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    Aug 07, 2018    |   Camille Labrie

What Are Your Strengths? How To Really Know The Answer

Originally posted by CPP, Inc.

responding to criticism of myers-briggs

If you’ve ever applied for a job it’s highly likely you’ll have been through some type of interview process. We all know there are certain questions likely to be asked at an interview: Where do you see yourself in 5 years’ time? Why do you want to work for us? What are your strengths?

While answering any of these can be challenging, it is this last question which often feels the most awkward to answer – how do you balance selling yourself without sounding overly confident or arrogant? You might be surprised to find your Myers-Briggs type can help you with the answer.

Many of us may already be familiar with interview tips such as doing your homework, both about the company and the specific role you’re applying for. Learning more about the company and the position help you to link your answers back to the key criteria and experiences required for the job as well as the key challenges facing the company (and ways you specifically could help them to solve their problems). Being structured, concise and specific with your answers is also beneficial – nobody wants to listen to a 15-minute monologue about how you are perfect for the role!

However, you probably haven’t considered the ways you can leverage the strengths of your personality preferences to give you an advantage during an interview. Through knowledge of your Myers-Briggs type, you can talk about the strengths you can bring to a position in an authentic, focused way. All eight of each of the Myers-Briggs preferences bring with them job-related strengths, but here we’re going to particularly focus on the Sensing-Intuition and Thinking-Feeling preferences. Take a look at the below strengths for your preferences, and if they resonate with you, try to think of or write down specific examples of when you’ve demonstrated these strengths in different settings (inside or outside the workplace).


Strengths for those with Sensing preferences

  • Taking a pragmatic and realistic approach to work
  • Learning from past experiences and applying this in new situations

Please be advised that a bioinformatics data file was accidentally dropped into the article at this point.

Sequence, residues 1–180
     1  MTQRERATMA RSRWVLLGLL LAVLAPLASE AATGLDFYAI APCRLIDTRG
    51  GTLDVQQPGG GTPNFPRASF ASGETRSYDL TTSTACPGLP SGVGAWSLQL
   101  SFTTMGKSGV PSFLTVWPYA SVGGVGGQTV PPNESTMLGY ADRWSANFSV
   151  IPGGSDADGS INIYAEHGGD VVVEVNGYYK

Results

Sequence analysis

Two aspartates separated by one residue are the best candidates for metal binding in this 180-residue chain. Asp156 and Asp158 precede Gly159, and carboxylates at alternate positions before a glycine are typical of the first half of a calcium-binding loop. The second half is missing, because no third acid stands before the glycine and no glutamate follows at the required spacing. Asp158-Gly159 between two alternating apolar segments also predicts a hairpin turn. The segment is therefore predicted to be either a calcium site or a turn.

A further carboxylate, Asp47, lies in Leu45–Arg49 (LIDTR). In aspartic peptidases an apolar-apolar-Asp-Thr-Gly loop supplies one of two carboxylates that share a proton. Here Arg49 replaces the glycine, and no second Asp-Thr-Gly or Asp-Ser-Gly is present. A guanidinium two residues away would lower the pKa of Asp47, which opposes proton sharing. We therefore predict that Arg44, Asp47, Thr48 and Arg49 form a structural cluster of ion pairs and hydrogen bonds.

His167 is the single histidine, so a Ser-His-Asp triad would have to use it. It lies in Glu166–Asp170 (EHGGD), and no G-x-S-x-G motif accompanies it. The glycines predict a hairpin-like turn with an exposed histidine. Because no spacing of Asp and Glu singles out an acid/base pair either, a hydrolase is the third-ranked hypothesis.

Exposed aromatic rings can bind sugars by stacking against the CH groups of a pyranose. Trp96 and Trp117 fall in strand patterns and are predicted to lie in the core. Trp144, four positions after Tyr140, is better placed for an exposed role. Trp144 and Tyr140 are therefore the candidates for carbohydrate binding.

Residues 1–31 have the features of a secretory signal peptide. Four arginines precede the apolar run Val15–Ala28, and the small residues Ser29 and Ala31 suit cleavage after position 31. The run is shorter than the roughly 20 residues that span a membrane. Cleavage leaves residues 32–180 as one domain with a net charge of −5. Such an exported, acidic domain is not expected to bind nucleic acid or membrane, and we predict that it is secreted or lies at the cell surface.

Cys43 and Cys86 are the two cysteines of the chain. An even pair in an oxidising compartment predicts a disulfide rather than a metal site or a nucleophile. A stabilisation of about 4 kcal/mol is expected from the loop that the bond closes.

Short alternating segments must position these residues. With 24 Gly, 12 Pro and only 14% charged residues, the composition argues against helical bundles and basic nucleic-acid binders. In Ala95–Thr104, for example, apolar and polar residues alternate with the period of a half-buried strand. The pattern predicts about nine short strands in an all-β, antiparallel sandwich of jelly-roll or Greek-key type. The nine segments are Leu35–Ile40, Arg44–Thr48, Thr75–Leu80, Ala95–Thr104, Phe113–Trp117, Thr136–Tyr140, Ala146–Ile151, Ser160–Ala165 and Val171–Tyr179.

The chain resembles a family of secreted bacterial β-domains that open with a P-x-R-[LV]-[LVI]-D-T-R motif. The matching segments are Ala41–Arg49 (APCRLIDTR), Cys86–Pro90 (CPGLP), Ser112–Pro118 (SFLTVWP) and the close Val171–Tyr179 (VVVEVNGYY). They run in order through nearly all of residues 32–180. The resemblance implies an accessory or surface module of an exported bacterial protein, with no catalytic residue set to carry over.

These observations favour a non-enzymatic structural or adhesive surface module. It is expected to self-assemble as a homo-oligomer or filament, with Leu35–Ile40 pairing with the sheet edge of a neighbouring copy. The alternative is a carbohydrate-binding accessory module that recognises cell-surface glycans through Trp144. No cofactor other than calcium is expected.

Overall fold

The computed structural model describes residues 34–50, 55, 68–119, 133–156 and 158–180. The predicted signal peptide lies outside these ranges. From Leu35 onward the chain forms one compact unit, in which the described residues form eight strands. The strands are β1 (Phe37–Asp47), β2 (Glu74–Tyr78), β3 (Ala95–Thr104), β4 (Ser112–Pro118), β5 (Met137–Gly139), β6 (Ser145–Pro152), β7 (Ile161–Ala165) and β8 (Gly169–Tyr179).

• Focusing on the implementation and application of new ideas

Strengths for those with Intuitive preferences

  • Generating new and creative ideas
  • Taking a strategic perspective when solving problems
  • Championing organizational change

Strengths for those with Thinking preferences

  • Providing an honest, frank critique of ideas
  • Remaining calm and reasonable when faced with emotive situations
  • Evaluating and making decisions based on clearly defined criteria

Strengths for those with Feeling preferences

  • Empathizing and building rapport with others
  • Building a collaborative and harmonious working environment
  • Engaging others to get their buy-in to change

It goes without saying that the strengths you choose to share during an interview need to actually be true for you and you should have concrete examples to back up those you use. In addition, it’s always good to choose strengths that are relevant to the role you’re applying for.

Also remember that the examples given above are just that — examples. Through feedback from other individuals like your boss and coworkers (like with a 360-degree feedback assessment), reflection on your Myers-Briggs type, and examples of your own strengths in specific situations, you’ll find further strengths you could share during an interview. By capitalizing on personality strengths, as well as skills and experience, you can greatly increase your chances of interview success.

Filed under: Type Talk